The unions for hockey, baseball and basketball are siding with the players in the NFL lockout court battle, saying the league's lockout should be lifted.
The players associations for major leagues, NHL and NBA filed a brief yesterday with the 8th U.S. Circuit Court of Appeals, saying the case presents "vitally important issues" for the unions and their members. The players associations say professional athletes' careers are short, and the loss of even part of a season causes personal and professional injures that can't be compensated.
That reiterates the NFL players' argument that the lockout is causing them irreparable harm - the players can't work out, or sign contracts with any of the 32 clubs while the lockout persists. A federal judge in Minnesota agreed and lifted the lockout April 25, but the league appealed.
The appeals court reversed U.S. District Judge Susan Richard Nelson's decision just 4 days later. And on Monday, the appellate court ruled the lockout can stay in place until a full appeal is heard on whether it is legal. Attorneys for the players were expected to file briefs later yesterday, in advance of an appeals court hearing June 3 in St. Louis.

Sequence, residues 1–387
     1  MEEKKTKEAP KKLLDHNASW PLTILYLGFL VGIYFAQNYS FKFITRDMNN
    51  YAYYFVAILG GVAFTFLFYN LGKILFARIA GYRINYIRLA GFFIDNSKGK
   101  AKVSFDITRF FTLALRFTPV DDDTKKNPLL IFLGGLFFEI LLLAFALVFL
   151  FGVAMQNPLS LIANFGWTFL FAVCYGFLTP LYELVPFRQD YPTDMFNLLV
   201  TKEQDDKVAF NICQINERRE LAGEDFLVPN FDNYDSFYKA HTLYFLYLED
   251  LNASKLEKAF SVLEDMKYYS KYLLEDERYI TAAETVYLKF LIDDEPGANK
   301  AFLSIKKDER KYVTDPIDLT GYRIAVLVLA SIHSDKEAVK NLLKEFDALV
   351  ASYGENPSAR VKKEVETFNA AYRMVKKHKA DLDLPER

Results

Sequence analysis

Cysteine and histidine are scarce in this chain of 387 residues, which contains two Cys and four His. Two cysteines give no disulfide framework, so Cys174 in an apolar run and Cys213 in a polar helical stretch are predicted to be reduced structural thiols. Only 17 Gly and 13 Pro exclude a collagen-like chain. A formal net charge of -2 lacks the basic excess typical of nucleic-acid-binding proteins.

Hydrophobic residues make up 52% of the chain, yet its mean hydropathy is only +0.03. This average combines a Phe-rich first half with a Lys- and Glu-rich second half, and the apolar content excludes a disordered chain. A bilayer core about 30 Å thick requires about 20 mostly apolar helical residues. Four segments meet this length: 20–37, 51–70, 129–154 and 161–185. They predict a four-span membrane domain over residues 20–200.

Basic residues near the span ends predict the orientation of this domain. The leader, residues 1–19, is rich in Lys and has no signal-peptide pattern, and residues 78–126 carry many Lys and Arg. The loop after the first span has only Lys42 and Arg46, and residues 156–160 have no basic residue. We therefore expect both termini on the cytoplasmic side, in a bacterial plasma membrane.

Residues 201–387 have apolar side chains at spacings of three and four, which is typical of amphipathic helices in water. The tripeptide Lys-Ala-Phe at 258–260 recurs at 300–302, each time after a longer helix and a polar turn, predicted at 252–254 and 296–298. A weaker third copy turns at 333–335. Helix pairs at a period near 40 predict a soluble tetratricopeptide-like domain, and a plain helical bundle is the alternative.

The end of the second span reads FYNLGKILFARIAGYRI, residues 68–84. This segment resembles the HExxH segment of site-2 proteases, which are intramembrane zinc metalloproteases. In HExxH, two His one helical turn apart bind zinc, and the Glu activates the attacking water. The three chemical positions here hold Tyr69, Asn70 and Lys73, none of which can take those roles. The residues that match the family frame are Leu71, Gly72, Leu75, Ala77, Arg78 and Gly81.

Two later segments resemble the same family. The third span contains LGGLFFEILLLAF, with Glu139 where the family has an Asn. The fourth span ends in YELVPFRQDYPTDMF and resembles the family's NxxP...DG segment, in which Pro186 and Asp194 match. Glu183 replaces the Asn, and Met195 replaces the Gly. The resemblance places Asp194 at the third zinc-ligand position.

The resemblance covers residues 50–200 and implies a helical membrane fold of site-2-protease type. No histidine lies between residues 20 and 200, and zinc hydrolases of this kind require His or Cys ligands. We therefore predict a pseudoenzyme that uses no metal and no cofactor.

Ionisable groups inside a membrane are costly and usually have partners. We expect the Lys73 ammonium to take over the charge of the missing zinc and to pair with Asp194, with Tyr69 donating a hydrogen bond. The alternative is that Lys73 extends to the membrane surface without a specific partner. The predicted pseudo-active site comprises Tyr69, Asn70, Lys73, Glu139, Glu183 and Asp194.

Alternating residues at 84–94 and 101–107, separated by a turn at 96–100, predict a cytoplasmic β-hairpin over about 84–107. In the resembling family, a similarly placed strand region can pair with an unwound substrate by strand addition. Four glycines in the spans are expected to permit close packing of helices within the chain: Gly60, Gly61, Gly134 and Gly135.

In keeping the lockout, the appellate court said it believes the NFL has proven it "likely will suffer some degree of irreparable harm without a stay."
In their brief yesterday, the players' associations said "there is no off-season in professional sports - only the portion of the work year during which no games are played." The unions said that part of the year brings opportunities - such as the option to change cities, teams or the trajectory of one's career.
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